Would you buy a Kindle reader if it included advertisements and was $25 less? Amazon is offering a version of the already low priced, $139 WiFi Kindle for $114. The “Kindle with Special Offers” version replaces the screen saver featuring famous authors and the bottom of the home screen with Amazon related advertisements. They do not display while reading a book.
The Amazon Kindle 3 is an e-book reader that features an 6″ E Ink Pearl screen, extremely efficient power management, 4GB memory and WiFi connectivity. The E Ink Pearl screen comes closest to paper of any screen I have seen and only uses power when changing pages. This is the biggest reason it has a rechargeable battery that lasts up to a month of “normal” use between charges (if Wifi is off). It is also argued that this type of screen results in less eyestrain compared to backlit devices like an Apple or Android tablet. The 8.5 oz device is also lighter than the average tablet making it easier to hold for long periods of time.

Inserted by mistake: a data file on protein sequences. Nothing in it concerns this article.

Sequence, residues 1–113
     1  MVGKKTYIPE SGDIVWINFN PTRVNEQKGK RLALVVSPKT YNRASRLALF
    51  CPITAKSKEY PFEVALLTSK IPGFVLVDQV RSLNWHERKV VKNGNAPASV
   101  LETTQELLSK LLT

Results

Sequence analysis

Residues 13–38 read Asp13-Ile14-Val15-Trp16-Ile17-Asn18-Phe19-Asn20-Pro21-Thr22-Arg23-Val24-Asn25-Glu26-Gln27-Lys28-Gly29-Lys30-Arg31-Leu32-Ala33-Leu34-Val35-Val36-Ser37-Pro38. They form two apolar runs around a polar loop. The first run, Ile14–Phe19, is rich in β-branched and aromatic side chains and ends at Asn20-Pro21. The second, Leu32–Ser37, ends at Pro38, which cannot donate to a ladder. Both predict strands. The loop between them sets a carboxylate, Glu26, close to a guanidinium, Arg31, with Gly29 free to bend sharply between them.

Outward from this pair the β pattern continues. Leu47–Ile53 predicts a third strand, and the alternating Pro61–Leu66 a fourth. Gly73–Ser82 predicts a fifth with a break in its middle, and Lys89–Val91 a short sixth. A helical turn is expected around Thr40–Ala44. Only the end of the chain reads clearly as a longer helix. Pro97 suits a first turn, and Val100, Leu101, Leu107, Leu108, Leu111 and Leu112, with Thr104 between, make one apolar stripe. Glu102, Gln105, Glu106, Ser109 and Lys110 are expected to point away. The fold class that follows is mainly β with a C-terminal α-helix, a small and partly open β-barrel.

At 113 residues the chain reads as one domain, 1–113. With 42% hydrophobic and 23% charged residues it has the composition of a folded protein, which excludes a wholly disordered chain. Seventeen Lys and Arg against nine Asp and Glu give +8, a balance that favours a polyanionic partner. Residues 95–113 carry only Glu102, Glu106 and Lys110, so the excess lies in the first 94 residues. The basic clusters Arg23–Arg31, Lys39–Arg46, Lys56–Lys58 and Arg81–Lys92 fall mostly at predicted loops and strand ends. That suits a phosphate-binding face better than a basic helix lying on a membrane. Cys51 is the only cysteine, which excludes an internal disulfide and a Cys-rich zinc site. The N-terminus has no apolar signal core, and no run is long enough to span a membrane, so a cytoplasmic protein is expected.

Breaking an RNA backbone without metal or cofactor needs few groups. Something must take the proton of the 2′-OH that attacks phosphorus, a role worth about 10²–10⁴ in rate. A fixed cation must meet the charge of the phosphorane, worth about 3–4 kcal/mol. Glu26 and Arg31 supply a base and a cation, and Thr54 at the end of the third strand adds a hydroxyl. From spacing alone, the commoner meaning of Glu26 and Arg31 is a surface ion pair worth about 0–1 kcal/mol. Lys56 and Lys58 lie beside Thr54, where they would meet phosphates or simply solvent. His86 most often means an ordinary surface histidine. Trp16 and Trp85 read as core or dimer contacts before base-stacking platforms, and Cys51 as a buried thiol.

The Kindle is also another example of a Linux powered device. The power sipping, Freescale 532 MHz, ARM-11 processor runs the Linux 2.6.26 kernel. Increasingly, Linux users don’t really know they are using Linux. As programmable, networked, electronic devices escape the confines of the desktop and become ubiquitous will most people care? The Kindle is an excellent example of the benefits and strengths of a well designed, special purpose device (created by the Amazon subsidiary Lab126).
So is $25 your price? How about $40? There has been a great deal of discussion out there that $99 is the magic number. They had me at $139.
(E-book reader users should check out calibre to manage their e-books.)